Union Square Ventures is preparing to raise a third fund, according to multiple sources familiar with the situation.
Several sources say that the New York-based firm plans to raise twice the size as its previous fund, a $156 million fund that closed in 2008—with one source pegging the amount at $500 million.
But firm co-founder Fred Wilson dismissed talk of a large fund. “The rumors of USV raising a large fund are categorically false,” he wrote in an email. “We will never raise a large fund. We like the small fund model and are completely and totally committed to it.”
Wilson added: “Whomever you got that information from is a lousy source and I suggest you stop listening to them.”
If USV were to raise half a billion dollars, it would mark a major shift for the firm, which raised a debut fund of $125 million in 2004 and then kept its second fund small four years later.
Union Square has stayed small despite racking up some impressive exits and a portfolio that includes major Internet companies, such as Twitter and Zynga Game Network.
On a Roll
The firm’s exits include Tacoda, which sold to AOL in 2007 for a reported $300 million; Feedburner, which Google acquired in 2007 for a reported $100 million; and Del.icio.us, which Yahoo bought in 2005 for a reported $30 million.
USV’s first fund “is a hall of famer,” says John Borthwick, CEO of New York-based tech incubator Betaworks. “[USV co-founder] Fred Wilson has made some of the most astute, well-timed, and well-placed investments of anyone over the last five years.”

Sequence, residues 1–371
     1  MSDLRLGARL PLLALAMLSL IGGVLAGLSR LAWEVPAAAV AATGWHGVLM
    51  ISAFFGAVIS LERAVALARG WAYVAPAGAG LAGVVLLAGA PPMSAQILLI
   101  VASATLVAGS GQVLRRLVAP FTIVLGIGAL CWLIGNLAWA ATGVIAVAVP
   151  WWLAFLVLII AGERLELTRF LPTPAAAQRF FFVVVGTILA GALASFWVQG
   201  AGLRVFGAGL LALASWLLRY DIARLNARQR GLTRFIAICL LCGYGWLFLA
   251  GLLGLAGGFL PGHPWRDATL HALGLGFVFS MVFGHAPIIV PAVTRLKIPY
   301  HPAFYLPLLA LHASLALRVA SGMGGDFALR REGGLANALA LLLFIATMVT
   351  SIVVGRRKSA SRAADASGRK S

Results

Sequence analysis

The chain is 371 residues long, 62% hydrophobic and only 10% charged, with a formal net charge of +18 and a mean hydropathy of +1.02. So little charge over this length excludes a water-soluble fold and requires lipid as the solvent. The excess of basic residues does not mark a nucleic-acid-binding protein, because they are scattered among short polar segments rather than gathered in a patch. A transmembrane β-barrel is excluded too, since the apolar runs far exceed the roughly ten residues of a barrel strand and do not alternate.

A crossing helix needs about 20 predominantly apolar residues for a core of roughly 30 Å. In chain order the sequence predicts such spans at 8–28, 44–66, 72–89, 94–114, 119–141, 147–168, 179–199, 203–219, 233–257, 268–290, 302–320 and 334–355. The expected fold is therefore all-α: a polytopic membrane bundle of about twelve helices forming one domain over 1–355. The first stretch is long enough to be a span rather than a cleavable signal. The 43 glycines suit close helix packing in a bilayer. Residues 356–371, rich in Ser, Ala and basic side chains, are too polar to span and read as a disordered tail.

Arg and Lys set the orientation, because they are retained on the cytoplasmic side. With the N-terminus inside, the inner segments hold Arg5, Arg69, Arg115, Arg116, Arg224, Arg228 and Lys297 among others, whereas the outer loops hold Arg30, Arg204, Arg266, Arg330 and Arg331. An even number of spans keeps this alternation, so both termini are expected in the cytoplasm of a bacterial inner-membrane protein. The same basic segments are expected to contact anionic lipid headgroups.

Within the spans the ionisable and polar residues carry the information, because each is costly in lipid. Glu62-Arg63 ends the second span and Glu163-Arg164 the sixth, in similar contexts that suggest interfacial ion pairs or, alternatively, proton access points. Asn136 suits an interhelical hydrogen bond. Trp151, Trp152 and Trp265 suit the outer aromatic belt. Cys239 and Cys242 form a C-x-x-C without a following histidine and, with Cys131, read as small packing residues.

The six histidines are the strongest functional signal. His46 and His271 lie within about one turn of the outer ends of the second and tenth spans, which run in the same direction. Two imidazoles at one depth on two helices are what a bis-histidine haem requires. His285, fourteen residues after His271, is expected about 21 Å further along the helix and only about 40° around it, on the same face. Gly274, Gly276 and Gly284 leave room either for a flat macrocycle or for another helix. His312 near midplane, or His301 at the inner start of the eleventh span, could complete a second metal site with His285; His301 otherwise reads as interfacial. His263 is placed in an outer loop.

The rumors of USV raising a large fund are categorically false. We will never raise a large fund. We like the small fund model and are completely and totally committed to it.
USV’s first fund had an IRR of 57.7% as of June 30, according to the Oregon Public Employees Retirement System, a limited partner in the fund. The IRR for USV’s second fund is not meaningful because it is so young, according to the state pension fund.
In addition to Twitter and Zynga, USV also has stakes in some other hot companies. For example, when Etsy, a New York-based marketplace for handmade crafts, raised a $20 million round in August, the financing came at a $300 million pre-money valuation. (The 5-year-old company has raised $51.6 million altogether.)
USV portfolio company Boxee is widely considered a strong contender to such big companies as Google and Apple. The New York-based startup sells an open-source gadget that connects users’ TVs to the Internet, allowing them to access video, music and sundry other applications. Besides USV, Boxee’s backers include Spark Capital and General Catalyst Partners.
USV and Spark Capital were also the earliest—and until recently—the only investors in the fast-growing blogging platform Tumblr, which last month raised a new and reportedly “very competitive” and undisclosed round of financing from Sequoia Capital.
The round apparently was so aggressive that Wilson said in his blog that consumer Web investing has grown too heated.
“The competition for ‘hot’ deals is making people crazy and I am seeing many more unnatural acts from investors happening,” Wilson blogged. “If it were just valuations rising quickly, I’d be a bit less concerned. But we are also seeing large deals ($5 million to $15 million) getting done in a few days with little or no due diligence. Investors are showing up at the first meeting with term sheets. I have never seen phases like this end nicely.”
While plenty of investors could get burned by the frenzy, Union Square hopes to avoid it by sticking to its strategy of betting on winners as early as possible. In January 2008, when social gaming powerhouse Zynga raised its $10 million Series A, Union Square Ventures was there. And when Twitter raised its $5 million Series A in July 2007, one of its first checks came from Union Square.
It’s largely because of the breakaway successes of Zynga and Twitter that the firm could easily make the case to investors that it needs more capital. Already, Zynga has raised $519 million over three more rounds, while Twitter has raised $160 million and is expected to raise more before eventually going public. —Constance Loizos